My Recommended WordPress Themes and Plugins

After having used WordPress for a number of years, I’ve really started to get into more plugins that help me present and share my content the way I want. I’ve also gone through some themes and picked one I like, including versions for desktop and mobile. Here’s my recommendations for WordPress themes and plugins…

Themes

Twenty Eleven

twentyeleven2Twenty Eleven is still my WordPress theme of choice. It’s feature-full, clean, elegant, and problem free from my experience.

Please note it’s not actively updated so you may need to Google around for fixes. For example, I wrote a post on how to fix the featured image that is buggy in the default Twenty Eleven theme.

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Race 07 NVIDIA Anti-Aliasing

Update 2014-07-19: I found the solution. My original fix wasn’t even doing anything it was just using the 4x AA I set in Race 07’s Video and Language Options application. The real fix for me was upgrading drivers and then things started to work. Before upgrading my drivers NVIDIA Control Panel changes to AA didn’t appear to do anything and NVIDIA Inspector wouldn’t save my changes either. It just wasn’t sticking. After upgrading NVIDIA drivers it all started working. I used NVIDIA Inspector to set: Antialiasing – Mode: override; Antialiasing – Setting: 8x CSAA; Antialiasing – Transparency Multisampling: Enabled; Antialiasing – Transparency Supersampling: 8x Sparse Grid Supersamping (Sparse Grid is important, some things will still look jaggy without it); Toggle FXAA on or off: On; Anisotropic filtering mode: User-defined; Anisotropic filtering setting: 16x. Now even Monza 06 looks great which still looked poor after my previous fix. Good luck!

Race 07 NVIDIA Anti-Aliasing

I finally found a little bit better anti-aliasing for Race 07 from this post on Race Department explaining that you can achieve slightly better anti-aliasing by using Race 07’s Video and Language Options application and setting 4x AA there and then also using the NVIDIA Control Panel to set: Antialiasing Mode: Enhance. I also set Antialiasing – Transparency: 8x; Ansitropic Filtering: 16x; Antialiasing – FXAA: On. It seems to look better. Still, some tracks like Monza 06 have a lot of jaggies. I suspect it’s just AA-unoptimized old track code. If you have a better solution I’d be glad to hear it!

Anti-Spam Done Right

Blog comment spam is a big problem. I started out with no protection on this blog. I found out rather quickly that wouldn’t do.

So I implemented a CAPTCHA which requires you to enter a random code to prevent automated comment submissions. Then I found out actual humans were submitting comments (or perhaps very smart anti-CAPTCHA programs).

My next step was disabling auto-approval unless you had one pre-approved comment. But that only resulted in me clearing out spam every day and discouraging real-time discussion because comments wouldn’t show up immediately. After a long time, I finally found Akismet.

Blog comment spam is a big problem. I started out with no protection on this blog. I found out rather quickly that wouldn’t do.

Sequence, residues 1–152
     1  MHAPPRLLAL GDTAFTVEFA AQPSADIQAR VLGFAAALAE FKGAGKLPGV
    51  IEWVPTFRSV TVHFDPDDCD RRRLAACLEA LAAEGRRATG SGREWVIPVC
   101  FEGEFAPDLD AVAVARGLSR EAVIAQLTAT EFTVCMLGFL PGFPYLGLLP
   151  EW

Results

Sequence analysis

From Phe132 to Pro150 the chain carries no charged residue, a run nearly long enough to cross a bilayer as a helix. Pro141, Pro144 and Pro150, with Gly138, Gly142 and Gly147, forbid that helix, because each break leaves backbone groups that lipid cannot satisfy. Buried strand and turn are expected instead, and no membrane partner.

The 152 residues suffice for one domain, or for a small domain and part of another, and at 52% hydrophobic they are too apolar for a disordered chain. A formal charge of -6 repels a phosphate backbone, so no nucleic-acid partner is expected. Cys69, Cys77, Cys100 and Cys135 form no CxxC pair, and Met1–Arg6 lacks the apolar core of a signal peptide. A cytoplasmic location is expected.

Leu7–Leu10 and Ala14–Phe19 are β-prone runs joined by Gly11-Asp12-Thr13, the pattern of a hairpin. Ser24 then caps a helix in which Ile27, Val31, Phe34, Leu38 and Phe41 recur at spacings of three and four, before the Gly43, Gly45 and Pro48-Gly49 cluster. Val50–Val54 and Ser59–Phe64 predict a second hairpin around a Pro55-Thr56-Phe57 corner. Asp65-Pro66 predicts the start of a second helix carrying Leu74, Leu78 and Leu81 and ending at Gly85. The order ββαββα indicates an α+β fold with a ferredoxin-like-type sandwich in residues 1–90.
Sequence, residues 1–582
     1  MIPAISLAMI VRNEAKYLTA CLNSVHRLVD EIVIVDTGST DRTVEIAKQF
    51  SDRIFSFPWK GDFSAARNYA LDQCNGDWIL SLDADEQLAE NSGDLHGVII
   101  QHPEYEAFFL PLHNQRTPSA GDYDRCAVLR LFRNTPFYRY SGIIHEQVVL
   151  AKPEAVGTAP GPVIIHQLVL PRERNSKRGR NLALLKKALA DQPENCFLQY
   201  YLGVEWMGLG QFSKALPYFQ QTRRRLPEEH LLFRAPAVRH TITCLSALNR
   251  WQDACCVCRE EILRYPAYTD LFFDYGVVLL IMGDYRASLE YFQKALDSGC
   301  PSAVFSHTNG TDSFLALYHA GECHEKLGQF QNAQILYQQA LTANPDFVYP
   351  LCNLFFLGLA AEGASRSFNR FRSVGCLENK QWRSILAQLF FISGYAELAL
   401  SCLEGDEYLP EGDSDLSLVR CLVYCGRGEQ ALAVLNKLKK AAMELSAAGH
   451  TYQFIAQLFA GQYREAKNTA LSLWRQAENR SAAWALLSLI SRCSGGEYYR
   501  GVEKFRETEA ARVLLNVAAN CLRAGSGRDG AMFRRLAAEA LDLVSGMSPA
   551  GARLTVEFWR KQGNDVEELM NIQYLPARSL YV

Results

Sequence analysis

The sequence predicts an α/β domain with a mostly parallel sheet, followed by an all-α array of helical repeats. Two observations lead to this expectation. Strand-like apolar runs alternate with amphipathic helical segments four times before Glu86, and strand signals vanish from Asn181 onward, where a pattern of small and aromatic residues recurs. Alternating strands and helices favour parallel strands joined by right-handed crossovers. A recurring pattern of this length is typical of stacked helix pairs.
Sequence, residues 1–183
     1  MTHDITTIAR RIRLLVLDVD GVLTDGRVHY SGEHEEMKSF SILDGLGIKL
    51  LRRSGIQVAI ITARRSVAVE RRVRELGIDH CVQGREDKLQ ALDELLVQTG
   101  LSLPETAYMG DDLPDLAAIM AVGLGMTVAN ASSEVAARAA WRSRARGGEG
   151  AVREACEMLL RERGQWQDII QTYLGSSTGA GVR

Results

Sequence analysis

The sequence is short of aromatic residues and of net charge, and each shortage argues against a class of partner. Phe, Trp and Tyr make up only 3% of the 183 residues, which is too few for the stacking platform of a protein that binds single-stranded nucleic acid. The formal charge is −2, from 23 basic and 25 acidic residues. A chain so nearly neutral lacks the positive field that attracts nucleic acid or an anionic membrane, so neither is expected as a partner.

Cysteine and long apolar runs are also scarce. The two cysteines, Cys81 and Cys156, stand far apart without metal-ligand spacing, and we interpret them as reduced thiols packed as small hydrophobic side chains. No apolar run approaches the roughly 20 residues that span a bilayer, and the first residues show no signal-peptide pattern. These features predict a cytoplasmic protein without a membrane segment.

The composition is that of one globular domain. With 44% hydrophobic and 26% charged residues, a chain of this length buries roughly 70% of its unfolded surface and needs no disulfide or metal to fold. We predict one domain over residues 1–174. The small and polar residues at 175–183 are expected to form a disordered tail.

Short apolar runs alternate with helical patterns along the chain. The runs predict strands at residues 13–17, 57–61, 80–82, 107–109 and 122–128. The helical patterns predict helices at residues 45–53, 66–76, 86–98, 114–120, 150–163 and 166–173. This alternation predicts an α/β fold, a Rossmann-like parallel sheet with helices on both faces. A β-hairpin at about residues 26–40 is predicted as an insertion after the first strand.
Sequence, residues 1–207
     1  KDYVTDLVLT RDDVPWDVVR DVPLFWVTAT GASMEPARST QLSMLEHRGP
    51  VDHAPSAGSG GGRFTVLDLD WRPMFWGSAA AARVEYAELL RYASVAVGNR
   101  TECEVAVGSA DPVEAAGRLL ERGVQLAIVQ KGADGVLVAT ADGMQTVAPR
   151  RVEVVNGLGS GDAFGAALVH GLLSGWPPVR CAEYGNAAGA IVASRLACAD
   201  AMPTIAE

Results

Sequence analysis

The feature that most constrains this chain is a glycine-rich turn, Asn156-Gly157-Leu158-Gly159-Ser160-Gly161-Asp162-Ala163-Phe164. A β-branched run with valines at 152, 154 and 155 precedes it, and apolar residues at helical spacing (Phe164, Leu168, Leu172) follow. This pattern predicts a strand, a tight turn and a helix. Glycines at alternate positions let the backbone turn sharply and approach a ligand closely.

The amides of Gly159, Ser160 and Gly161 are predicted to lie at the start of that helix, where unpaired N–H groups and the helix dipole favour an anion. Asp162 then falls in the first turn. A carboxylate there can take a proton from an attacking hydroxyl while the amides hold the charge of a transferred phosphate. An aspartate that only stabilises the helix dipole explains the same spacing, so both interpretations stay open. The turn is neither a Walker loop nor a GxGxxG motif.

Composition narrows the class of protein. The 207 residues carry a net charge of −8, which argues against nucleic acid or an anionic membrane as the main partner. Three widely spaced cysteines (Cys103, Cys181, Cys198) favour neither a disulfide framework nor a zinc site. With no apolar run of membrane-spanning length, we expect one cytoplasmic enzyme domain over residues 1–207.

So I implemented a CAPTCHA which requires you to enter a random code to prevent automated comment submissions. Then I found out actual humans were submitting comments (or perhaps very smart anti-CAPTCHA programs).

My next step was disabling auto-approval unless you had one pre-approved comment. But that only resulted in me clearing out spam every day and discouraging real-time discussion because comments wouldn’t show up immediately.

After a long time, I finally found Akismet.

Akismet is anti-spam done right.

Comments get automatically submitted to a blog anti-spam service where, first, they are submitted to hundreds of tests to see if it’s spam.

The second part is the key, though. Because Akismet is a service anyone can use, thousands if not millions of people use Akismet for the same reason, and this is where its power lies. The second part of the anti-spam checks is to compare the comment with millions of other blogs that also use the service. More than likely somebody already has gotten your comment, or one like it, and marked it as spam. So when it gets to you, it’s already considered spam and not published. You can decide what to do with it in your admin interface.

Google Mail also does anti-spam right. They operate on the same principle as akismet (who were probably inspired by gmail in the first place). Basically, tests are run on the sender of your email, the email itself and then the email is compared with the billions of other emails that other users of Google Mail also get. If it looks like spam based on any of these checks, it goes in your spam folder.

This is the beauty of distributed effort.

When so many people are pooling into a system you really can make spammers largely ineffective – to the point that it’s no longer worth it for them to spam.

What we need is a distributed system for anti-spam checking at the smtp level for regular system admins. Imagine the entire world pooling into this system. I have yet to try Distributed Checksum Clearinghouse. It does something like what I would like but not quite. It’s not exactly like Gmail or Akismet’s mechanisms to tag spam.

It should be clear: In a world of anti-spam done right, spam largely goes away.